Montreal is moving to ban horse-drawn carriages from its streets as an old-world tourist attraction yields to modern-day concerns about animal welfare.
The city has adopted a draft bylaw that will eliminate the city’s emblematic calèches starting in 2020, citing reports of animal cruelty that include long work hours, exposure to traffic and extreme temperatures.
“Montreal is saying it’s time to move past the calèche industry,” Craig Sauvé, the city councillor responsible for animal issues, said in an interview on Thursday. “When I see [the calèche horses] after a long time and they’re struggling and they don’t look particularly happy, I feel sorry for them. I say, ‘Is this where we are as a society?’”
The bylaw, which was approved by the executive committee and will be submitted to city council this month, is part of a set of reforms to animal controls brought forward by the administration of Mayor Valérie Plante.
Another bylaw adopts breed-neutral measures to control dog bites and dangerous dogs, a shift away from the pitbull ban brought in under former Mayor Denis Coderre, who acted after a 55-year-old Montreal woman was fatally mauled in her backyard by a neighbour’s dog.
The Quebec government also backtracked this month from its promise to enact a province-wide ban on pitbulls, citing an absence of scientific consensus on the question.
The moves are a sign that animal control remains a contentious issue for legislators.
Horse-drawn carriages have been a staple of Montreal’s tourist trade for generations, even as the practice comes under growing scrutiny. The rhythmic clip-clop of horse hooves has rung through the streets of Old Montreal for decades and picturesque calèches have been a backdrop in countless postcards and selfies through the years.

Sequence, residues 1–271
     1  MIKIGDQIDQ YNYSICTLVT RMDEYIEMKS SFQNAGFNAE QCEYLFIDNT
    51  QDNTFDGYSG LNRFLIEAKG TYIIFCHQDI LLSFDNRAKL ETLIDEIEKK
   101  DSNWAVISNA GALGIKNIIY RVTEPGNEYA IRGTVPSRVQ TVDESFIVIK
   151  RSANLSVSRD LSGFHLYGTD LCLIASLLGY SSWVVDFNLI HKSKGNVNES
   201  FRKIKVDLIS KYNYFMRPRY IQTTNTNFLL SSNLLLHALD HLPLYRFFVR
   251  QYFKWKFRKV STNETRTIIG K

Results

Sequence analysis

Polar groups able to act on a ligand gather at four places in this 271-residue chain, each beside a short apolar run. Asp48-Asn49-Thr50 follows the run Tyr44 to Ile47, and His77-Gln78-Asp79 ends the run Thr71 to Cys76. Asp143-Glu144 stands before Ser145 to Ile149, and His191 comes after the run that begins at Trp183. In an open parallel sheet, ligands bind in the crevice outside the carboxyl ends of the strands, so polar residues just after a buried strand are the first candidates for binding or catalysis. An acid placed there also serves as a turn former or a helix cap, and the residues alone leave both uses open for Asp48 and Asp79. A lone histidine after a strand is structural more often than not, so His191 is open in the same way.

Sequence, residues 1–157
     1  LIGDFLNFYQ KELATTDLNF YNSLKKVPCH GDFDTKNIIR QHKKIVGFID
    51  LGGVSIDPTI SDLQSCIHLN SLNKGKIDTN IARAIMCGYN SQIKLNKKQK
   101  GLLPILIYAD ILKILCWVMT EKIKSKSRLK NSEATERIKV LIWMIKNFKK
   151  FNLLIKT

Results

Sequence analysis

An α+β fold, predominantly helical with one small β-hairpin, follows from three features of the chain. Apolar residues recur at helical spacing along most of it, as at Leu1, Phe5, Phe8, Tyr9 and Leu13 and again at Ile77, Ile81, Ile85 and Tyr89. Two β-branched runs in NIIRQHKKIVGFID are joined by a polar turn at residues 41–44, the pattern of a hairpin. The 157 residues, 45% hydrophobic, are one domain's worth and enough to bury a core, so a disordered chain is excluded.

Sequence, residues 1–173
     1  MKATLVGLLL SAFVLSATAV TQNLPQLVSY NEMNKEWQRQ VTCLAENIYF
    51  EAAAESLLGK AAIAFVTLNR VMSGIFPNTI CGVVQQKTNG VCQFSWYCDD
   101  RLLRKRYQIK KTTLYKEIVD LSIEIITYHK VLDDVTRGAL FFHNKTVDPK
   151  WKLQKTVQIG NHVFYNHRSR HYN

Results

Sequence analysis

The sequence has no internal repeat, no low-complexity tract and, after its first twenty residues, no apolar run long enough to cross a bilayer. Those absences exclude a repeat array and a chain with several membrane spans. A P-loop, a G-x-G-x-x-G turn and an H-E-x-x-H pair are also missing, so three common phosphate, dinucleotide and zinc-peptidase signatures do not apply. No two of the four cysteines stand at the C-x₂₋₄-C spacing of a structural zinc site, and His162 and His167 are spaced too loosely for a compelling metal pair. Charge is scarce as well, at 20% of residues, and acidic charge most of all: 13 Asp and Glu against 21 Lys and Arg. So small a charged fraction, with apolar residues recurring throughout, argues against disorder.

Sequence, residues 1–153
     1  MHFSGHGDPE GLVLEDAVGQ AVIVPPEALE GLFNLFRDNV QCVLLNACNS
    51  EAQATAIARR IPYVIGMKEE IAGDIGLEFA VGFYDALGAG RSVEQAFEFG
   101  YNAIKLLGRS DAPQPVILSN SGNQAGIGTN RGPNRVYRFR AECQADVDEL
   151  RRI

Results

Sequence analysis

But in presenting its new bylaw on Thursday, the city depicted the practice as anachronistic. It said horses were involved in four accidents since 2014 and hundreds of complaints, while 14 tickets were handed out in the past two summers for violations related to horses’ welfare or the condition of the carriages.
Mr. Sauvé raised the idea of replacing them with electric-powered calèches, but did not provide specifics.
Mr. Coderre had also tried to end the calèche industry in 2016, only to be forced to retreat after the drivers went to court and obtained an injunction.
Supporters of calèches cite Montreal’s deep history with horses – 14 horses arrived in the city on a boat from France in 1665 – while calèche owners insist their animals are treated well and subject to regular veterinarian inspections. They raised the spectre of the animals ending up at the slaughterhouse if the city moved to ban them.
Mr. Sauvé said 22 calèche permits are still in use. The Society for the Prevention of Cruelty to Animals (SPCA) says the phase-out period – the ban begins on Dec. 31, 2019 – will allow the city to work with horse sanctuaries to find a place where the animals “will be able to live out a peaceful retirement.”
“By putting an end to this antiquated and inhumane industry, Montreal will be following the lead of several other world-class cities, such as London, Paris, Beijing and Toronto,” the Montreal SPCA said in a statement. The director of animal advocacy, Alanna Devine, said her group has been fighting against the use of horses in central Montreal for nearly 150 years.
Despite opposition, the calèche industry continues. Victoria and Quebec City still have horse-drawn carriages, although they both face regular criticism. The BC SPCA this month called for a ban on the carriages on Victoria streets after a video showed two horses falling.